It's all about taking action and not being lazy. So you do the work, whether it's fitness or whatever. It's about getting up, motivating yourself and just doing it.
    - Kim Kardashian

    Donald Trump / Trump Jr 2024!!!!

    My pronouns are he/him/his

  9. #8
    Quote Originally Posted by TheTexan View Post
    I was actually referring to the state of being "outside" as a continuous state. Thus, if you stay outside for a sufficiently long enough time, your chance of getting wet will either be 100% or approach 100% depending on the variability and frequency of the rain.
    OK. Well, it's just a toy example and the idea is that you would get wet while walking through the parking lot to your car, or whatever.

    If, on the other hand, you read the 2nd assumption literally, it can be interpreted that is the act of going outside (when it is raining) is what causes you to get wet. Perhaps your umbrella is out in the middle of the yard. In which case it depends on whether or not it is raining, at the time you "go outside", that determines whether or not you get wet. This can reasonably be interpreted as a discrete event (vs continuous), in which case there would indeed be exactly a 50% chance. (and not >50% chance)
    Yes, that's something like what I was describing with the toy example.

    A proper introduction to logical argument would cover 5 or 10 examples of the most important kinds of logical arguments, but the purpose of giving that specific example is that I want to lay the groundwork for a kind of knowledge frequently used in Austrian social science called synthetic a priori knowledge. We can -- and frequently do -- apply deductive methods to facts of the real world but mainstream academics generally hold this to be impossible, that is, it's always a subtle mistake of reasoning. Deduction is widely held to be more like a "game" that can be played (as in a game simulation) and which might be useful for your own purposes but can never actually say anything definite about the real world, because the real world is inherently probabilistic but deductive methods only operate on certainties. I'm skimming over a small ocean of details and I'm intentionally oversimplifying, but this is the single biggest methodological disagreement between Austrian social science and other approaches to social science.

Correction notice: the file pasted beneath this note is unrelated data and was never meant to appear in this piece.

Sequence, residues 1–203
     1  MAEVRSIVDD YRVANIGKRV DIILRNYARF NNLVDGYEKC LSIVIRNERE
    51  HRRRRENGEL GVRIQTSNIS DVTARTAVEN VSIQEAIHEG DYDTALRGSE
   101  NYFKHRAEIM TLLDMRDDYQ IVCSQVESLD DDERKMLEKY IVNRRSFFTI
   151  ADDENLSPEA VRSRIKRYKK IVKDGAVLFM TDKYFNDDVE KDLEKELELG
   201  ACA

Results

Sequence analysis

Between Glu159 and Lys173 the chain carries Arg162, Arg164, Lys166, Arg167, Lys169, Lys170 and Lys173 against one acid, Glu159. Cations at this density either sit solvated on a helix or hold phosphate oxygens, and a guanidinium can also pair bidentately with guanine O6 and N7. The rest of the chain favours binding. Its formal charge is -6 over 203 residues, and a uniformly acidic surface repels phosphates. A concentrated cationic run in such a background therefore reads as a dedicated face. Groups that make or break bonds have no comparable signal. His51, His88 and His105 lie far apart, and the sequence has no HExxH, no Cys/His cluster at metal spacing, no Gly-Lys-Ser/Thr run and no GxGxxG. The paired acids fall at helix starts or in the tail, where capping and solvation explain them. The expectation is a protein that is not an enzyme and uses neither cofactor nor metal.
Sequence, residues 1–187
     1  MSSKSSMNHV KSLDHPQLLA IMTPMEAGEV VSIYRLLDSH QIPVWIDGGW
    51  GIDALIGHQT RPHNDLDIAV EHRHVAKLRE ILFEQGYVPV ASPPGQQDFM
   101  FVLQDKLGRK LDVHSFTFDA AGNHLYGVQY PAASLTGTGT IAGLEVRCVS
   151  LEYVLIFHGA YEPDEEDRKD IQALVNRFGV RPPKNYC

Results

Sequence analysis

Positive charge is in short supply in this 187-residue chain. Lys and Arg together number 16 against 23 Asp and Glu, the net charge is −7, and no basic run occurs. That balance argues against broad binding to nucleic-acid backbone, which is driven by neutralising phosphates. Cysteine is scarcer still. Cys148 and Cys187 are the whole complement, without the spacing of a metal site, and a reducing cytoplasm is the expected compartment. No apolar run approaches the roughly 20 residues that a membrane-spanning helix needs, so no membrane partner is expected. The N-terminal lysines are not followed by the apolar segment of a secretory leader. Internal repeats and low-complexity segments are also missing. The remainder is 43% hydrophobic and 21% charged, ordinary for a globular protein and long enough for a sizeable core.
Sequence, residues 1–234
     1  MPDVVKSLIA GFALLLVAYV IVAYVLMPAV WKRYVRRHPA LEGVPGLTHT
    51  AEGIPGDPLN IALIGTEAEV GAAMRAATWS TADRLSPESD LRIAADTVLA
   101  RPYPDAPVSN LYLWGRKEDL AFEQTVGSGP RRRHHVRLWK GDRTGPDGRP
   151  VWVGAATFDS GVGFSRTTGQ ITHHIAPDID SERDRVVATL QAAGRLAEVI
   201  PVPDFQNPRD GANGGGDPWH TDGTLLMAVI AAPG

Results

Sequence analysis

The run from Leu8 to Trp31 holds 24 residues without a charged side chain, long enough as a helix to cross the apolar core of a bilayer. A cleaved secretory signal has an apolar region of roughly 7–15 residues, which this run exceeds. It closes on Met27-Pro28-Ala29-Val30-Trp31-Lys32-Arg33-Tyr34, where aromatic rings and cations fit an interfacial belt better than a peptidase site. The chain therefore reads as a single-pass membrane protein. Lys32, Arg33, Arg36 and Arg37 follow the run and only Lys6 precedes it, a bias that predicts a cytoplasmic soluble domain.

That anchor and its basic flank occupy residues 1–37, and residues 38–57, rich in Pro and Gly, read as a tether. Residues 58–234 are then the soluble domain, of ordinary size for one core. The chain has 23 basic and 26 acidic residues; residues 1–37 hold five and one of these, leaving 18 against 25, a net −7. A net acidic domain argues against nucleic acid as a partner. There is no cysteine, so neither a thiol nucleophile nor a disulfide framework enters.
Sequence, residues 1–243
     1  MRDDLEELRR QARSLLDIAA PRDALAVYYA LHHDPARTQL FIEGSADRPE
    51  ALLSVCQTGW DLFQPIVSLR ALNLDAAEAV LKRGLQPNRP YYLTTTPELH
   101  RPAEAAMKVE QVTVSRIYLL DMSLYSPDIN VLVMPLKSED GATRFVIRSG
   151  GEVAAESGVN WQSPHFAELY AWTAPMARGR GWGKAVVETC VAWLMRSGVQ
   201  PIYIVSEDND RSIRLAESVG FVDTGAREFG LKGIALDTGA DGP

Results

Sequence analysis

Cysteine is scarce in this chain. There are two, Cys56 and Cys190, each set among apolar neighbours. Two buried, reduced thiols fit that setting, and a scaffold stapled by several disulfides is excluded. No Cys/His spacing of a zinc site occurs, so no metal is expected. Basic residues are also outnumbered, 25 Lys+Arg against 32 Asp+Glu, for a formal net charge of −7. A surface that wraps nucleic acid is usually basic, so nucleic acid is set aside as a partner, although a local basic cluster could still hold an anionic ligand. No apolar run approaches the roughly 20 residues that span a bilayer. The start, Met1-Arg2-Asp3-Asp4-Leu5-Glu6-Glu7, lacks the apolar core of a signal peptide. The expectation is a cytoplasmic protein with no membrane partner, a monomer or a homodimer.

The other problem I plan to address is the problem of causation. In mainstream academia, it is widely held that causality can never be established with certainty or even with a meaningful probability. We believe that the world operates according to laws because we have always seen it operate according to laws, but there is no law (and can be no law) that guarantees that the world will always operate in the future according to the laws we have seen it operate according to in the past. This is the famous problem of induction. In fact, there is a solution to the problem of induction and, while certain aspects of causality can never be established with certainty, it is possible to give causal factors a meaningful a priori probability. By calculating the a priori probability, we can apply Bayes' rule to causal reasoning in a meaningful way, that is, without hand-waving or "subjective probability". This fact has important consequences to science, law, economics and any other field where causality (especially human causality) is significant.